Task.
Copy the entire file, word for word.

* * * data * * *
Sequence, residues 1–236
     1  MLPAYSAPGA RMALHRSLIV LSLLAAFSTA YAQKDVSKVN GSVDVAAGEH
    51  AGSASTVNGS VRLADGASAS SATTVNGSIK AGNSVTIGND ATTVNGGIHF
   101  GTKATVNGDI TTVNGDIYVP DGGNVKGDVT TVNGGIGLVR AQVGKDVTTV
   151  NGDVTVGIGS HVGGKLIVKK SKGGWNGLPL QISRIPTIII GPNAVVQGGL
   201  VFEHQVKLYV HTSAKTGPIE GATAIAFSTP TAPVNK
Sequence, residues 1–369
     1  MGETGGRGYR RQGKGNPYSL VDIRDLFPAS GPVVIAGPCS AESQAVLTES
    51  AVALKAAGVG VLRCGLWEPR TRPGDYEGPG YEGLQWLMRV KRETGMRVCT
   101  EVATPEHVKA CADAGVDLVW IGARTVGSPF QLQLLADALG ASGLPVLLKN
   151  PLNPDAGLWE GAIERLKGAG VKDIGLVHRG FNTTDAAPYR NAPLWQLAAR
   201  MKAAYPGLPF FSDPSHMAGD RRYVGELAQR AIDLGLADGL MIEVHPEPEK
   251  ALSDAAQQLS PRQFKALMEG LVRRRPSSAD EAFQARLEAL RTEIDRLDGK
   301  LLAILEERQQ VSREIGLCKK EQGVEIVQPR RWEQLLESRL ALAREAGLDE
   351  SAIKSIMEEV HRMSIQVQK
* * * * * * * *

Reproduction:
Sequence, residues 1–236
     1  MLPAYSAPGA RMALHRSLIV LSLLAAFSTA YAQKDVSKVN GSVDVAAGEH
    51  AGSASTVNGS VRLADGASAS SATTVNGSIK AGNSVTIGND ATTVNGGIHF
   101  GTKATVNGDI TTVNGDIYVP DGGNVKGDVT TVNGGIGLVR AQVGKDVTTV
   151  NGDVTVGIGS HVGGKLIVKK SKGGWNGLPL QISRIPTIII GPNAVVQGGL
   201  VFEHQVKLYV HTSAKTGPIE GATAIAFSTP TAPVNK
Sequence, residues 1–369
     1  MGETGGRGYR RQGKGNPYSL VDIRDLFPAS GPVVIAGPCS AESQAVLTES
    51  AVALKAAGVG VLRCGLWEPR TRPGDYEGPG YEGLQWLMRV KRETGMRVCT
   101  EVATPEHVKA CADAGVDLVW IGARTVGSPF QLQLLADALG ASGLPVLLKN
   151  PLNPDAGLWE GAIERLKGAG VKDIGLVHRG FNTTDAAPYR NAPLWQLAAR
   201  MKAAYPGLPF FSDPSHMAGD RRYVGELAQR AIDLGLADGL MIEVHPEPEK
   251  ALSDAAQQLS PRQFKALMEG LVRRRPSSAD EAFQARLEAL RTEIDRLDGK
   301  LLAILEERQQ VSREIGLCKK EQGVEIVQPR RWEQLLESRL ALAREAGLDE
   351  SAIKSIMEEV HRMSIQVQK